On 1 October 2012 15:10, Dumitru Ungureanu wrote:
So since function in Go are types,
Go functions are not types. They /have/ types, just like all
the other values in Go.
this declares a type:
x := os.Getgid
No, it declares the variable x. It has whatever type os.Getgid has,
which (consults godoc) is func()int.
What happens when I attach parenthesis to the type?
That's not what you're doing (since x isn't a type). You're
writing a function call of whatever function x currently is
(viz, os.Getgid) and no arguments. The result will be that
os.Getgid is called (and its result is dropped on the floor.)
I mean, I know what happens (now), it's a function call, not a type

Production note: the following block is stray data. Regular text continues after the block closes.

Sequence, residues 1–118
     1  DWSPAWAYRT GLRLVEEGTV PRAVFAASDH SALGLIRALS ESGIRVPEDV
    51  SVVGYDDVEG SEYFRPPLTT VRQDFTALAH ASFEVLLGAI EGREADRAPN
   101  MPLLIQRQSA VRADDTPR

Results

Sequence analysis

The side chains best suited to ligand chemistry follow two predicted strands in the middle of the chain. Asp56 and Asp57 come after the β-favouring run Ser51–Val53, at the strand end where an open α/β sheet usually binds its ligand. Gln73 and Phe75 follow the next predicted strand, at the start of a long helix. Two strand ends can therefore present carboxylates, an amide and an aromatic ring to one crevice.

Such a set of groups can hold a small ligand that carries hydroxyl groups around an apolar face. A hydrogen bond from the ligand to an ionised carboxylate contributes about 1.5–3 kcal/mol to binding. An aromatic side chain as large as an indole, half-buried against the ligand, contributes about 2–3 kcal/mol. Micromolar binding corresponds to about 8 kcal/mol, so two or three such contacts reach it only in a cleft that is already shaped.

declaration, but what's the mechanism?
The declaration copies the value of the function os.Getgid
into x. "The value of the function" will be something very
like a pointer to its code, or a structure that contains a pointer
to its code. The call calls whatever function is pointed to.
Since there are no closures involved, that's pretty much
what happens in C or C++ pointer-to-functions, or in
Scheme functions or Pop11 procedures: No New Magic.
Chris "allusive" Dollin